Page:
Hi, sorry I didn’t notice this question earlier. Last weekend was a bit crazy.
I have the Nexstar 8SE, I bought it last year for about $1,800, but because I also ordered the briefcase with filters, eyepieces and other accessories—the telescope itself is a bit cheaper. I’m about to order a bigger one right now and more equipment.
In general, any reflector telescope with at least 5” of aperture is good for astrophotography. The brands I recommend you: Celestron or Orion.
Also, when buying a telescope, you have to consider the type of astrophotography you want to do (planetary or deep-space). In my case, for example, the original mount of my telescope was good only for solar system objects; I had to spend almost $1,000 later in an equatorial mount in order to do deep-space astrophotography.
Don’t worry about the camera. Having a super expensive badass camera isn’t necessary, you can capture good images even with a webcam (a good one, that is). This is because you won’t be using the camera to shot directly to celestial bodies, you’re actually going to place it in the eyepiece of telescope and capture the image it shows. This is the most easy and effective method, but there are many others.
However, you might want to buy a good DSLR later in order to get best results, specially for deep-space, since those cameras are good for doing long exposures. This will also help a lot if you’re in location where you can’t easily see the stars, you can compensate that with longer exposures.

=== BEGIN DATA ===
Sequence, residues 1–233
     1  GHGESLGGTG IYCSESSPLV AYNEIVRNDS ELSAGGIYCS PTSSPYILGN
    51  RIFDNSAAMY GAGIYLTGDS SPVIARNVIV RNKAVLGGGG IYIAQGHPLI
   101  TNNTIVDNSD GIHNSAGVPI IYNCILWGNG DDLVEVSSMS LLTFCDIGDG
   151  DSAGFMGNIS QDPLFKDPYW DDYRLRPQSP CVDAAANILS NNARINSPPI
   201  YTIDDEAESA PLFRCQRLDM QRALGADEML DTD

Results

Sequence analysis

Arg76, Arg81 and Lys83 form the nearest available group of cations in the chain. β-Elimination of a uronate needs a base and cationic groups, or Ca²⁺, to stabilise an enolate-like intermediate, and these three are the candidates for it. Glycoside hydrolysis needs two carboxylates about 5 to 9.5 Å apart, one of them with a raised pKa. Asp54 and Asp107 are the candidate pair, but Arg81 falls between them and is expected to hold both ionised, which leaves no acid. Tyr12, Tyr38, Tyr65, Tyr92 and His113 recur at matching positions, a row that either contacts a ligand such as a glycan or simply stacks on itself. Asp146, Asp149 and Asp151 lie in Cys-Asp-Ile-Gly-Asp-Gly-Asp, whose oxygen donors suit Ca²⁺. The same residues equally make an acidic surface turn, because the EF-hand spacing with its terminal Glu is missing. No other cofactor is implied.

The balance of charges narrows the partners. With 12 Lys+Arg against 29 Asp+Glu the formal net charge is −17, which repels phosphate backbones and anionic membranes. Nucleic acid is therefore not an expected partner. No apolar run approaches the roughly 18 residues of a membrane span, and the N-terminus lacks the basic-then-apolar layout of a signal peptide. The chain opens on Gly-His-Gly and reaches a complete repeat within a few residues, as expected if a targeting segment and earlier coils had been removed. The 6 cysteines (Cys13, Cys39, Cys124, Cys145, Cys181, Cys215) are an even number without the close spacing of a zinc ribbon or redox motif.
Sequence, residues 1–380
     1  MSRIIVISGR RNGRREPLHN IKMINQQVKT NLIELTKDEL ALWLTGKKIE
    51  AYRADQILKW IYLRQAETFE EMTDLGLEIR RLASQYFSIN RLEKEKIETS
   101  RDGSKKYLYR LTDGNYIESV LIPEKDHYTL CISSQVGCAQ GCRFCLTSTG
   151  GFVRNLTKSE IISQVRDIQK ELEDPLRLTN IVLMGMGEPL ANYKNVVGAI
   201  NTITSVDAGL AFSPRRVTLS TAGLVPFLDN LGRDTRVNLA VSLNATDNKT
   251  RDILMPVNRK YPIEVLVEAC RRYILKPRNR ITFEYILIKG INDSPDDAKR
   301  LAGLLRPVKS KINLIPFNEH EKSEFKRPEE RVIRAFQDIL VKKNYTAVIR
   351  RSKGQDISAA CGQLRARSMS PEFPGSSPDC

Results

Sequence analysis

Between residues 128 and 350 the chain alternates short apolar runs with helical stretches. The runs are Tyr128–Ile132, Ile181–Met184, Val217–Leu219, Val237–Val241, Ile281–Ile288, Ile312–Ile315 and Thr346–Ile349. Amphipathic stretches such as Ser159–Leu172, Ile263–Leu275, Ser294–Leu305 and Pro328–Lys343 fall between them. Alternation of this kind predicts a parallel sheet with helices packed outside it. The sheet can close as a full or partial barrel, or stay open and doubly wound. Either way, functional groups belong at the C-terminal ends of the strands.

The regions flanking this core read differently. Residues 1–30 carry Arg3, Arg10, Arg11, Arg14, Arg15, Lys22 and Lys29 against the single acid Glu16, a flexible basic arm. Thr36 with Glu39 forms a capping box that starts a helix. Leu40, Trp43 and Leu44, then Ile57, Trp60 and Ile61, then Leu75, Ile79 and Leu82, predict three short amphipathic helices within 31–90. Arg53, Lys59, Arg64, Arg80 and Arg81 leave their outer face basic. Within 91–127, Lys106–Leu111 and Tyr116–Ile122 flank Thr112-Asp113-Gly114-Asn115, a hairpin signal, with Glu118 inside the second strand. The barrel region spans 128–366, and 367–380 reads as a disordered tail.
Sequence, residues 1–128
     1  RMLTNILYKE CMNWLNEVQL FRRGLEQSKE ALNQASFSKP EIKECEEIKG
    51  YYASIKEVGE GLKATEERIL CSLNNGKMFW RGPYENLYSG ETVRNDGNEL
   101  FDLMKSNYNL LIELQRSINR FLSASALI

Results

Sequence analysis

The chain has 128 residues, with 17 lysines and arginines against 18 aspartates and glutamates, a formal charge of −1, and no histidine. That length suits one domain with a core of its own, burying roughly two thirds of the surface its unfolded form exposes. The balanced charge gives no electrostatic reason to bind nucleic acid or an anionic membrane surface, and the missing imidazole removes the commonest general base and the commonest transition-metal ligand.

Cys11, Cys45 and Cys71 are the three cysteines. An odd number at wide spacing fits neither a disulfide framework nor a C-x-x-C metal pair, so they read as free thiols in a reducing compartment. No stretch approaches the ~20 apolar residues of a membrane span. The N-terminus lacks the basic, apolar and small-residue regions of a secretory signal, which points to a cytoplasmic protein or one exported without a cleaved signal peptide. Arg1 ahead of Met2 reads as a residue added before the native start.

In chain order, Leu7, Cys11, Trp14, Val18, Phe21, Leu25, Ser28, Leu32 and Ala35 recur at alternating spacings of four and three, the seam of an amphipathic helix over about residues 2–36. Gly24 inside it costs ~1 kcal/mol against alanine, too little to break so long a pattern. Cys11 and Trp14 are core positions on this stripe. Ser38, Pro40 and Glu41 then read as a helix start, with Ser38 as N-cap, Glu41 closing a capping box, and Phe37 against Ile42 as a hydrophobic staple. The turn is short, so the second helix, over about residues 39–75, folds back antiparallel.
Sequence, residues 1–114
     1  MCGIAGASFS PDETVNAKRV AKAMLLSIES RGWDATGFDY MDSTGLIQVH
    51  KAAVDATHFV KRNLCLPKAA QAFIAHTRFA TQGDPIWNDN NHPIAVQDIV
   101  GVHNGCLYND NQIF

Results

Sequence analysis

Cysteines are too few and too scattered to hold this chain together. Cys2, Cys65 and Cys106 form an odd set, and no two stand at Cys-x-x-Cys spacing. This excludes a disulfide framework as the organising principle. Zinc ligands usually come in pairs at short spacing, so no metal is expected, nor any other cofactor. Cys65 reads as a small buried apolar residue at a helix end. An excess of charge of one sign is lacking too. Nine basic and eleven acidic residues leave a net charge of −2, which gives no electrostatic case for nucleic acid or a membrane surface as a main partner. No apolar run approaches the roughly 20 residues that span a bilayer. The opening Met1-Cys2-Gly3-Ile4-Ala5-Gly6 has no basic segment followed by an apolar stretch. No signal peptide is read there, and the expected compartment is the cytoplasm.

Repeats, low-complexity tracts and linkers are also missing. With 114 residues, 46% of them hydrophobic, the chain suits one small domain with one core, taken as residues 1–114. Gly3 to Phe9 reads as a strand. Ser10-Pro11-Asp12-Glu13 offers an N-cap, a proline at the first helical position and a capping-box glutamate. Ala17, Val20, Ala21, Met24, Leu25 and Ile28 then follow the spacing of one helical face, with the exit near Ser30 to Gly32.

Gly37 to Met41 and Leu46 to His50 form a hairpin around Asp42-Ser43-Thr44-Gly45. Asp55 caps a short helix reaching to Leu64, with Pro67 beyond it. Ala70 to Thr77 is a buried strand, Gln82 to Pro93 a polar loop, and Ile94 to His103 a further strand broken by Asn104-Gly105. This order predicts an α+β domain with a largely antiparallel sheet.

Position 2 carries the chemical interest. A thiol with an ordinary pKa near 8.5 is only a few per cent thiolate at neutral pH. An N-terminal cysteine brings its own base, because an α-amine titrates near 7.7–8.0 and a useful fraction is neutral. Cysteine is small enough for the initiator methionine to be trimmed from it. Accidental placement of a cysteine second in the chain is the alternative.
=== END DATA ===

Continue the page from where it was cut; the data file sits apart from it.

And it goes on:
And even if you get all the equipment you need, you won’t get good results right away. You’ll need to spend some time practicing. I recommend you to buy the telescope first and start using just as it comes and capturing images with whatever camera you have, then buy equipment, cameras and accessories later.
Me preguntaba si podrías indicarme algo que necesito para dar cierto sentido al gampelay que quieroplantear: si los humanos construyeran una mina en un asteroide¿de qué podría ser?, ¿qué elemento o compuesto es tan preciado como para que los humanos o alguna civilización se tomara el esfuerzo de construir una mina?. Yo había pensado en agua, una asteroide, planetoide o satelite con hielo, pero solo tengo una idea vaga.
Gracias por cualquier ayuda. Saludos.
Pudiera ser de cualquier metal o elemento valioso de los que se extraen aquí mismo en la Tierra: oro, nickel, principalmente hierro, entre muchos otros, ya que todos estos minerales en realidad se encuentran aquí por aquellos asteroides que impactaron con el planeta durante la formación del sistema.
Estos elementos se creen abundantes en algunos los asteoides que son relativamente cercanos a la Tierra (NEOs, cinturón de asteroides)—se estima que uno de esos asteroides puede contener uno (o varios) de esos elementos hasta más de 3 veces que en la Tierra desde su origen hasta la actualidad. Imagina el valor económico que eso representa para nosotros! Tendríamos reservas por muchos millones de años más. Asi que el esfuerzo de construir minas en asteroides sin duda vale la pena.
Por otro lado, los que contienen agua, en vista de que serían cometas extintos, se encuentran un poco más lejos, más allá de Jupiter (aunque hay evidencia de algunos tan cercanos como los de metales), por lo que implicaría un esfuerzo tecnológico y económico mucho mayor.
Asi que dependerá de la historia y el contexto de qué mineral o elemento será la mina y donde estará el asteroide. Si deseas respuestas o comentarios más específicos que te ayuden en el desarrollo de tu juego no dudes en preguntar.